Last Thursday, Shonda Rhimes paid tribute to Prince, one of her all-time heroes, by including one of his songs on back-to-back episodes of Grey’s Anatomy and Scandal. “For me, this iconic spirit was so special, and I was truly shocked at how viscerally and emotional I felt when he died,” Rhimes tells Rolling Stone. “I literally was grieving; it felt really, really personal. Yes, I’d met him, gone to concerts, seen him play at the White House, but this was really intense for me, like I’d spent too many hours with this person in my head. So using him in the show was an imperative. I’ve only ever used Seventies music in Scandal. He sort of bordered on Seventies and Eighties, but I felt like, I kind of didn’t care. I wanted to use it anyway.”
According to Rhimes and her music supervisor, Alex Patsavas, it’s an arduous process to get a Prince song cleared for use — but they managed to get two of them to use two of them in a couple days. “We were unable to predict what was going to happen,” Patsavas says. “But we got clearance in record time.” That meant “Delirious” was featured in its entirety in the episode of Scandal titled “Trump Card,” and the Grey’s episode “Mama Tried” included Prince & the New Power Generation’s version of “Nothing Compares 2 U.”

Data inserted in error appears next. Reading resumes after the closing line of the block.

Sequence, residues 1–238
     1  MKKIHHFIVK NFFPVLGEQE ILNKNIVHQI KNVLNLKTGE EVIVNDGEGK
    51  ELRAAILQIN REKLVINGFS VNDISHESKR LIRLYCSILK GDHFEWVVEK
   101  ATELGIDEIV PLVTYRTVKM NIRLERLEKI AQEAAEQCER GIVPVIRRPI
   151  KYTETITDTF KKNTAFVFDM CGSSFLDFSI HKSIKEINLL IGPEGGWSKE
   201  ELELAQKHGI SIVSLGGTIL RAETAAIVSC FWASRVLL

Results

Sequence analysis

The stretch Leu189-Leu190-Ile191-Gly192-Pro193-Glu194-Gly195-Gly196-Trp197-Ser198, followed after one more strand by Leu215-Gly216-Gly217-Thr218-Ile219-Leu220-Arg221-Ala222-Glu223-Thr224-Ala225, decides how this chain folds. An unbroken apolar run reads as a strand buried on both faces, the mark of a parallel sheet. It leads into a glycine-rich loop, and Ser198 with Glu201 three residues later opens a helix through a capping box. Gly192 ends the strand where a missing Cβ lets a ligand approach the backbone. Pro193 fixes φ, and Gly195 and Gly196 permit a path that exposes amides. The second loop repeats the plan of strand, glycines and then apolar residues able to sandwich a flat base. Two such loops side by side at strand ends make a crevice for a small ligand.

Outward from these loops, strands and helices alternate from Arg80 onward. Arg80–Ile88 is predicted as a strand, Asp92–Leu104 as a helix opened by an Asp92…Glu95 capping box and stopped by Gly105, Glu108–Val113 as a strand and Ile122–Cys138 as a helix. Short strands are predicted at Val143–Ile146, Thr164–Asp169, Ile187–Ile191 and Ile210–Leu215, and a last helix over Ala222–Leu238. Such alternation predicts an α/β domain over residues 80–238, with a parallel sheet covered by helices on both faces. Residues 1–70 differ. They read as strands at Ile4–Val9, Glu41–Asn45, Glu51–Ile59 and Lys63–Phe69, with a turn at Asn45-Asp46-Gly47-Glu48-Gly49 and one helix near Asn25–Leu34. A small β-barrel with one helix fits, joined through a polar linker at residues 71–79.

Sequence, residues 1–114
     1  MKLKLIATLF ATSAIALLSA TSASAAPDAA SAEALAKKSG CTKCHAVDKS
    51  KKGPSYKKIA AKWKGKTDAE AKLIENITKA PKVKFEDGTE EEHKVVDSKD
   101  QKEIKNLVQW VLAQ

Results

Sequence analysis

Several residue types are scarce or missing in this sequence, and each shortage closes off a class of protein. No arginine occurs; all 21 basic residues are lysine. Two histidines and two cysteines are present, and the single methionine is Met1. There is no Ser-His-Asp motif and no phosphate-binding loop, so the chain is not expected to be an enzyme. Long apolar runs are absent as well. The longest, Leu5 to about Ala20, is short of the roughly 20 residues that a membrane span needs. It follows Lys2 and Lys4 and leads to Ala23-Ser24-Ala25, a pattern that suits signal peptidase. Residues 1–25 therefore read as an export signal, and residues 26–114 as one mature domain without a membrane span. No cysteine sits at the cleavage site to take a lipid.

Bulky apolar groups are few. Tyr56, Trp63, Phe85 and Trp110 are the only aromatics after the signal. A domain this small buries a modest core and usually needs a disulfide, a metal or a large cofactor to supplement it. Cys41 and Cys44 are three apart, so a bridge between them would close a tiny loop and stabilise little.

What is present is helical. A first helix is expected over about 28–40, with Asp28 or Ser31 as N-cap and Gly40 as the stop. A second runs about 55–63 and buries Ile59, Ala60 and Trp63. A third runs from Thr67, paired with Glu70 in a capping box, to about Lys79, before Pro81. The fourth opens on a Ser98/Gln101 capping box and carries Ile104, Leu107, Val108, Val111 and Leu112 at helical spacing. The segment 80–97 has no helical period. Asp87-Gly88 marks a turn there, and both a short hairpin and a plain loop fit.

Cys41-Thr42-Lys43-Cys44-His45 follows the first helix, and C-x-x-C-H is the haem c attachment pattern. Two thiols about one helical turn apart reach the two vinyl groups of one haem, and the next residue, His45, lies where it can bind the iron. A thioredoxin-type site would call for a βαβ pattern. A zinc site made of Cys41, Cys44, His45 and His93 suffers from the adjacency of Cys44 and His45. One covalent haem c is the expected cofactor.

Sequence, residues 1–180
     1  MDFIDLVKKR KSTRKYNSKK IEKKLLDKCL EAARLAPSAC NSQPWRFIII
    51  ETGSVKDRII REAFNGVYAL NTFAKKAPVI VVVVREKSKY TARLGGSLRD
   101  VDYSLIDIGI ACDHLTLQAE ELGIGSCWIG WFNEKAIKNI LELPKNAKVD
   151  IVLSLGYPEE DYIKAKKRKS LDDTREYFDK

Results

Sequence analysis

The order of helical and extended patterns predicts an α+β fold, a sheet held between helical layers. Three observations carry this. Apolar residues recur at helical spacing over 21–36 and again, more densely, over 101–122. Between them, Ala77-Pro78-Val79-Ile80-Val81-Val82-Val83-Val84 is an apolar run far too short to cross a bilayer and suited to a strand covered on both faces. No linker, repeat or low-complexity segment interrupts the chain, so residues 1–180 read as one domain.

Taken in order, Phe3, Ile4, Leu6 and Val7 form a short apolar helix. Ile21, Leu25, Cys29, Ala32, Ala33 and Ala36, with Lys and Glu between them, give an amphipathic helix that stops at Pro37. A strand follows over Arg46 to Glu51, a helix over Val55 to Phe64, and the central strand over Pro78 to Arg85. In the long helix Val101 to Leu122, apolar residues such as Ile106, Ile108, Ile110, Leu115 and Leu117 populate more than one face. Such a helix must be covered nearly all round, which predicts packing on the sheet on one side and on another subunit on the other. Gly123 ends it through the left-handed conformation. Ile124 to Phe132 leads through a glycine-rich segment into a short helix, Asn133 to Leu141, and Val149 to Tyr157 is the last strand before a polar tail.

Rhimes says she was in the process of choosing songs for the episode of her long-running medical drama when she decided to try Prince after she was rocked by his sudden death at the age of 57 on April 21st.
“They are two of my absolute favorite songs,” Rhimes explains. “We all are absolutely addicted to ‘Purple Rain’ and ‘When Doves Cry’ and ‘1999’ — but there are a lot of people who didn’t know Prince wrote ‘Nothing Compares 2 U’ and didn’t have the version that he sings, which I absolutely love. And ‘Delirious’ is one of those songs that a lot of people know but they don’t know the words to. So I wanted to pick songs that felt familiar but felt specifically Prince to me and [that] people wouldn’t be busy singing along to. You have to pick something that matches the show yet also gives you the essence of who he was.”
Rhimes has been a longtime fan since her older siblings would play his music for her. “I sort of grew up with him,” she says. “When his first album came out, I was maybe nine years old, and you know, it was this black guy with the feathered hair, which we’d never really seen before. I have been in love with him ever since.”